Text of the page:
• Calibration process - This is a process where everyone on the team monitoring quality practices scoring the same set of interactions and then meets together to discuss their differences in scoring. The goal is for the team to be aligned in their scoring so agents are trained to deliver a consistent customer support experience. This becomes all the more important as your operation scales, spans multiple sites, and works with outsourcers.
  • Key quality metrics - Outline the metrics that are most important to the quality process and where these can be found. In many contact centers, these metrics include:
    • Total customer interaction reviews required
    • Total customer interaction reviews completed
    • Average quality score
    • Percentage of the team meeting or exceeding the goal
    • Results of calibration sessions
    • Percentage of quality monitors delivered to agents (should always be 100%)
    • Customer metrics like Customer Satisfaction, Net Promoter Score, and Customer Effort Score
    • A breakdown of key areas of opportunity for the team and individuals
    • The success rate for key security and compliance items like authentication, PCI, HIPAA, call recording notification laws, and more

Who needs access?

There are a variety of stakeholders who have an interest in your quality program. Their levels of interest will vary depending on their role. But let’s talk about who needs access and why.

  • Frontline Agents - The people serving customers and being evaluated on the quality of the service they provide should understand what’s expected of them. They want to know what they can do to be successful in their role.
  • Supervisors and Leads - Anyone who monitors quality will use this guide as their bible for everything they need to know about the process. This will also be a valuable resource as you promote people into these roles.
  • Trainers - The new hire training classroom is a fantastic time to introduce agents to the quality process. Helping new hires understand what’s expected of them right when they hit the contact center production floor can only increase their chances of success.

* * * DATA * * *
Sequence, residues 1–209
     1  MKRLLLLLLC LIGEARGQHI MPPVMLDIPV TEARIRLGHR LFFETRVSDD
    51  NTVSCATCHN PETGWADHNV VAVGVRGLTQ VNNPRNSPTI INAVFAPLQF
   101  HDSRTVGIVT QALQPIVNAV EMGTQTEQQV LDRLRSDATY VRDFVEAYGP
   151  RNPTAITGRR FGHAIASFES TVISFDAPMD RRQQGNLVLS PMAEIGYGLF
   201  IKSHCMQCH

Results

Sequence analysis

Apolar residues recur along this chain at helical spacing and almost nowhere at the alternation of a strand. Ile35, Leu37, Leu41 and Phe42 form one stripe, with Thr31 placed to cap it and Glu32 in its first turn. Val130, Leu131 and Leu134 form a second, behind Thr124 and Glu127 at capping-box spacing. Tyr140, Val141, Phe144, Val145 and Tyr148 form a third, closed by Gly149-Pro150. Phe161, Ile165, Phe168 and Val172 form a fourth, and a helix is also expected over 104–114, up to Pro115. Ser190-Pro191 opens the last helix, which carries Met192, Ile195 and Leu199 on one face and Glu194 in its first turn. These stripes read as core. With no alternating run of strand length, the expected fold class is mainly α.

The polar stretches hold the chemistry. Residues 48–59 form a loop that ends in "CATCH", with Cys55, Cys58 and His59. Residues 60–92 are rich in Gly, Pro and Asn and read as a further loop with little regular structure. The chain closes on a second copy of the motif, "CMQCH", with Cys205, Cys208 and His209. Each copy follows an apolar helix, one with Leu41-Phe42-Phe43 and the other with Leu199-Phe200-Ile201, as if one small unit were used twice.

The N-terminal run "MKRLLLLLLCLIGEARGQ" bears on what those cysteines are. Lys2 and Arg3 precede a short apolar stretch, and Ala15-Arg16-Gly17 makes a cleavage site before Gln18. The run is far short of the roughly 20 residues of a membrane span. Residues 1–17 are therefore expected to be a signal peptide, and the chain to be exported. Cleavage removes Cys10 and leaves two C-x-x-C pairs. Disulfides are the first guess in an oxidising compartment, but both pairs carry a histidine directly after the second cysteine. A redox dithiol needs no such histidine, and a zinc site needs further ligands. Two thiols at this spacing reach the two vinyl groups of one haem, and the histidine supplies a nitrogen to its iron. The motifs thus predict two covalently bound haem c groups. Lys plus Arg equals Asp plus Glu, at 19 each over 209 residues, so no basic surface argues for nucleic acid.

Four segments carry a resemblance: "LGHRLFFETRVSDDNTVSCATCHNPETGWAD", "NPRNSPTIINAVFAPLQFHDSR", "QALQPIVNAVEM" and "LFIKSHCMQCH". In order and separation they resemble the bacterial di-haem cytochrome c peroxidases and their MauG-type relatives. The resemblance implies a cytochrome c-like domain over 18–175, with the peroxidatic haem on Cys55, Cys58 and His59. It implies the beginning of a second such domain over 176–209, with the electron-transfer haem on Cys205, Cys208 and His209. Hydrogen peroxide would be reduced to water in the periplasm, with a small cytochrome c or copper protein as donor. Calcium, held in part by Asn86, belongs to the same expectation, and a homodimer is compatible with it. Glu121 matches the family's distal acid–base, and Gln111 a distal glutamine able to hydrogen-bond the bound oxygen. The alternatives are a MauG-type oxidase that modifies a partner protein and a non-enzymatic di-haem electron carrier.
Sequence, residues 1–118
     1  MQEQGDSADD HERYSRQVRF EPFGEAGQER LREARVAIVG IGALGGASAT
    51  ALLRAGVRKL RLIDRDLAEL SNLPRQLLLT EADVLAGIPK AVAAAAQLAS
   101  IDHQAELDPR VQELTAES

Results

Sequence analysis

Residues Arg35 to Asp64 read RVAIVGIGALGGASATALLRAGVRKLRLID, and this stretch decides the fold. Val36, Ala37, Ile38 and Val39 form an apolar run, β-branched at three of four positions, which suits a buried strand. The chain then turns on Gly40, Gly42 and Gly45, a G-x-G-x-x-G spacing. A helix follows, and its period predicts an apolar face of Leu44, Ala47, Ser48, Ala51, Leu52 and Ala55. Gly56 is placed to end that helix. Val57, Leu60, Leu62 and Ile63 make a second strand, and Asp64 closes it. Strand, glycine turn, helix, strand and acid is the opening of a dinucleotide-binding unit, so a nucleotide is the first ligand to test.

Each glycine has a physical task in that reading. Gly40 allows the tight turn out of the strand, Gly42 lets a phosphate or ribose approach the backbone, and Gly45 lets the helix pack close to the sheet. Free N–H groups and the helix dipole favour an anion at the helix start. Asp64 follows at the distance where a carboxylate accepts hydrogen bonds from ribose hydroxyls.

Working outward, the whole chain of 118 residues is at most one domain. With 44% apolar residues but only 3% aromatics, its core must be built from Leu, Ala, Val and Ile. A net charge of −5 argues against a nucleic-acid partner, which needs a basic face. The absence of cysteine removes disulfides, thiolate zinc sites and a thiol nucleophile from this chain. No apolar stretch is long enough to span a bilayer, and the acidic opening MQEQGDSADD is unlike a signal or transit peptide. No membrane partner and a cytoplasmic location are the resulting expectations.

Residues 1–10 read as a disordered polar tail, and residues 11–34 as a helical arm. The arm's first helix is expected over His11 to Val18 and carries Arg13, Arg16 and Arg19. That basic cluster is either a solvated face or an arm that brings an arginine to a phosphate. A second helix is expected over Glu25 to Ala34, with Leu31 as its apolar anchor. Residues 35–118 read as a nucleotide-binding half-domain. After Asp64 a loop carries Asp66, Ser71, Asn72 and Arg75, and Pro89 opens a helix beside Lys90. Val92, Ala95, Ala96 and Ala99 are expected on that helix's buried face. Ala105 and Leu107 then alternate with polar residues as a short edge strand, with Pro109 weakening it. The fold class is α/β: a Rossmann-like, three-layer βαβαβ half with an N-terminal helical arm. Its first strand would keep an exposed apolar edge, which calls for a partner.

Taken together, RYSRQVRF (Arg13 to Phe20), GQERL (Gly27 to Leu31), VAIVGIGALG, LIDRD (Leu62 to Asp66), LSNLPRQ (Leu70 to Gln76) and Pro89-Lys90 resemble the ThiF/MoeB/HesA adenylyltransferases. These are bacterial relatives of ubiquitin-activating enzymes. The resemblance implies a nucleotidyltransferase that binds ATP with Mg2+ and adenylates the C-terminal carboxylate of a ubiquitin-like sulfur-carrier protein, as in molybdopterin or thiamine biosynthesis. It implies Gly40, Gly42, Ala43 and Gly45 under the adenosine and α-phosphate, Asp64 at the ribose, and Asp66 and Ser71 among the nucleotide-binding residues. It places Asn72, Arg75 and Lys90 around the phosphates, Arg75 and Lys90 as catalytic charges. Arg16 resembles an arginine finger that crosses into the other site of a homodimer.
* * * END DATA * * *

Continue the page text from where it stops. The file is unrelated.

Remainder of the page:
• Managers and Directors - These are often the people setting the tone and casting the vision for the contact center. They are the people signing off on the quality form and process. While they might not regularly monitor quality, this document allows them to periodically join calibration sessions and check in on the process.
  • Customer Experience and Marketing Leaders - For those who want to take quality to the next level, take the time to align with key customer experience objectives and work with the marketing team to ensure that customer service agents use a voice and style consistent with the brand.

How to keep it up to date?

I’m sure we can all point to folders and folders of documents that have been created with good intentions but have grown stale over time. This guide must not become one of those documents. Your QM definitions guide should be a living, breathing document.

There are a few easy ways to keep this document fresh. First of all, as the team calibrates, use it as a reference. It is common for uncertainty and ambiguity to arise during the discussions and this is a good indicator that something needs to be clarified in the document. Second, empower the folks regularly monitoring quality to submit questions and feedback for continuous improvement. They know the process inside and out and can work to keep it up to date. Finally, when changes are proposed and made to the quality form, use this document as the area for collaborating on those changes.

Having a current QM definitions guide is a best practice for ensuring that everyone in the contact center is aligned in consistently delivering the expected level of service. This applies to both the agents providing the support themselves and the leaders supporting and monitoring the agents providing the support,

My hope is that this is a solid template to help you get started, but if you have any questions as you create your own QM definitions guide, feel free to reach out to us at any time.

Jeremy Watkin

jeremywatkins.jpg

Jeremy Watkin is a Product Marketing Manager at 8x8. He has more than 19 years of experience as a customer service professional leading high performing teams in the contact center. Jeremy has been recognized numerous times as a thought leader for his writing and speaking on a variety of topics including quality management, outsourcing, customer experience, contact center technology, and more. When not working you can typically find him spending quality time with his wife Alicia and their three boys, running with his dog, or dreaming of native trout rising for a size 16 elk [...] Read More >

  • icon-gray-linkedin.png
  • icon-gray-twitter.png